Whether breast tumors develop and metastasize and how well they respond to therapy depend upon how well they are able to resist death. Despite concerted effort towards understanding what factors drive death resistance in primary and metastatic tumors, clinically translatable advancements in this important area have been frustratingly slow. For the past few decades studies have focused predominantly on identifying whether death resistant tumors acquire changes in specific genes and proteins that improve their survival. However, clinical data clearly indicate that the extracellular protein microenvironment that the tumor resides within can and does influence its ability to survive and resist treatment. How the extracellular tissue environment might protect tumors from death is not well understood.
We have been studying whether extracellular matrix (ECM, the protein from the extracellular environment that surrounds cells in tissues) receptors called integrins could improve the survival of mammary tumor cells. We found that the levels and function of integrins change when cells become malignant, and that altering integrins in normal cells dramatically modifies their behavior and enhances their survival. If we correct the expression of integrins in transformed cells we can restore their normal behavior and increase their sensitivity to death. Interestingly, we found that the ability of integrins such as a6b4 to protect cells from death is influenced by the composition of the ECM protein in the environment as well as how the ECM protein is organized and modified. What factors drive changes in integrins in tumors, how integrins protect cells from death, and why the organization of the ECM can modulate the efficiency of integrin-dependent survival and the clinical relevance of these findings require clarification. As tumors develop in the breast they evoke a response in the surrounding ECM microenvironment clinically termed the desmoplastic response. Desmoplasia is characterized by alterations in ECM expression, processing and organization. We found that these desmoplastic changes in the ECM are associated with an incremental and significant increase in stiffness or rigidity (termed tension) of the gland. An increase in tension can regulate the behavior of many cell types including endothelial, fibroblasts, neurons, and mammary epithelial cells (MECs). Although the mammary gland is not traditionally viewed as a mechanically challenged tissue, MECs within the tissue are nevertheless subject to tension during normal development and pregnancy. Given that, we found that MECs are extremely sensitive to changes in tension. It is highly likely that the behavior of MECs within the mammary gland will also be influenced by tension. If true, this could have strong implications for breast cancer because once tumor cells have metastasized to different tissues they frequently reside within ECMs with compositions and tensions different from the original breast. For example, a common site for breast tumor metastasis is the bone, which is very stiff (high vitronectin & fibronectin), the lung, which is very malleable (surrounded by fibrin), and the circulation where they encounter high tension from blood pressure (high fibronectin). Because tension can influence cell behavior so strongly, we believe that differences in ECM tension may constitute a previously unrecognized but critical regulator of mammary tumor behavior and treatment responsiveness. Using three-dimensional (3D) natural and synthetic ECMs with defined tensions (similar to what we could measure in normal, premalignant and breast tumors in vivo), we conducted a pilot study to explore how ECM tension could regulate mammary tissue behavior and survival. We found that ECM tension alters integrins, changes key enzymes that regulate critical cell processes, and modifies the activity of genes that regulate stress and cell death in MECs. When we varied ECM tension in 3D we found that matrix tension drives MECs to grow, alters their ability to differentiate, and regulates their ability to survive in response to frequently used chemo and immune breast cancer therapies (unpublished data). We predict that the biophysical properties of the ECM constitute a critical regulator of mammary tumor behavior and survival. To test this we will: (1) Engineer appropriate 3D organo-typic models that recapitulate the composition and tensional properties of primary and metastatic breast tumor tissues to identify candidate tension-dependent molecular survival regulators. (2) Develop xenograft and transgenic mouse models to test whether ECM tension regulates behavior and apoptotic responsiveness of mammary epithelia in vivo and define how. (3) Build a computational model that can predict how changes in ECM tension could influence integrin-dependent function such as survival in MECs, and query this model with neoadjuvant therapy clinical trial data. (4) Develop non-invasive imaging tools that could be used to monitor changes in ECM tension or tension-induced modifications in normal and transformed mammary tissues in vivo using phage display and quantum dots.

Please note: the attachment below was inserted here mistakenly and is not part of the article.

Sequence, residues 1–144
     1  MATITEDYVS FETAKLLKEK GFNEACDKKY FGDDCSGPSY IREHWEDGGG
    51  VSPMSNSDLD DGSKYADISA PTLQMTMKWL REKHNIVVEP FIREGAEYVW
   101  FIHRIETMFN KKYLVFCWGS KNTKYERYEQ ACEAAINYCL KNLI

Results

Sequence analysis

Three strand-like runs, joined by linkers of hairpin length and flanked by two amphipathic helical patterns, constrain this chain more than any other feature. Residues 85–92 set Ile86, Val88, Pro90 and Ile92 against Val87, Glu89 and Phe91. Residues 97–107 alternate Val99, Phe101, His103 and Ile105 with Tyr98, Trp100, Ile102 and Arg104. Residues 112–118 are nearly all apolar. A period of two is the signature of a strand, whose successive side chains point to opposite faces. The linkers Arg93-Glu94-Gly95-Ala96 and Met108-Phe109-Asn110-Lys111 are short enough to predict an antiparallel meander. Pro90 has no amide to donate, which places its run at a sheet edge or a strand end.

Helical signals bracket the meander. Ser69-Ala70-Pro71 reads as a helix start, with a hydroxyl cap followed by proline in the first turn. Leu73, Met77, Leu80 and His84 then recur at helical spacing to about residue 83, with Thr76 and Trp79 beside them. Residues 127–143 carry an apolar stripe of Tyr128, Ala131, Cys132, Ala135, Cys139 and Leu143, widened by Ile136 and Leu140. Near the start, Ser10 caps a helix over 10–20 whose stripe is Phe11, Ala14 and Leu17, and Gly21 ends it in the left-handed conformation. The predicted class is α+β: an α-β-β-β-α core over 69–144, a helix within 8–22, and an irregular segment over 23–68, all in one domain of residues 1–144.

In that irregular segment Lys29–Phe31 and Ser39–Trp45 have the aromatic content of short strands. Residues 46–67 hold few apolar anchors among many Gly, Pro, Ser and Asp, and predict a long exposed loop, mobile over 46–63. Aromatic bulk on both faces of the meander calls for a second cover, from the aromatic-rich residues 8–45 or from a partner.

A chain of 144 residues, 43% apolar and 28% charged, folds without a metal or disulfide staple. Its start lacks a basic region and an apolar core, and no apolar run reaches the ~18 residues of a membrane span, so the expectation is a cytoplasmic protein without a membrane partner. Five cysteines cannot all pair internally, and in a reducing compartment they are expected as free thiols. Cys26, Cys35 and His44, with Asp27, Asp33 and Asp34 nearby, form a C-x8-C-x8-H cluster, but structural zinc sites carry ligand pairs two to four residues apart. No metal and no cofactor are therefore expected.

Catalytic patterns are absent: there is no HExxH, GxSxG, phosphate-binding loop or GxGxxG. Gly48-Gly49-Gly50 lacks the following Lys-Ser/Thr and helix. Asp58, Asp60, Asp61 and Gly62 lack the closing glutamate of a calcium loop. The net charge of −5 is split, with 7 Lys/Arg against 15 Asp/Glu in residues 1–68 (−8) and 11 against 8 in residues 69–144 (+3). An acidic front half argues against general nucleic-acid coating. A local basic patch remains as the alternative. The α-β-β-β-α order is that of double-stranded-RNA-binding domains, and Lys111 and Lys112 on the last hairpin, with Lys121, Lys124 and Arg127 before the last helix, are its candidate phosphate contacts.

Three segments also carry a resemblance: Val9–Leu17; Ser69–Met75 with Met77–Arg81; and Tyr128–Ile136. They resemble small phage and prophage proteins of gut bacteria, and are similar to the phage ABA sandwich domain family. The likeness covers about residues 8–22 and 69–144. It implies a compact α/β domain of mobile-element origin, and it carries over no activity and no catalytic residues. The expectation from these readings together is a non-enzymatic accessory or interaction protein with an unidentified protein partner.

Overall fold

Defining how matrix tension could regulate tumor behavior and treatment resistance will have important consequences for tumor diagnosis and therapy.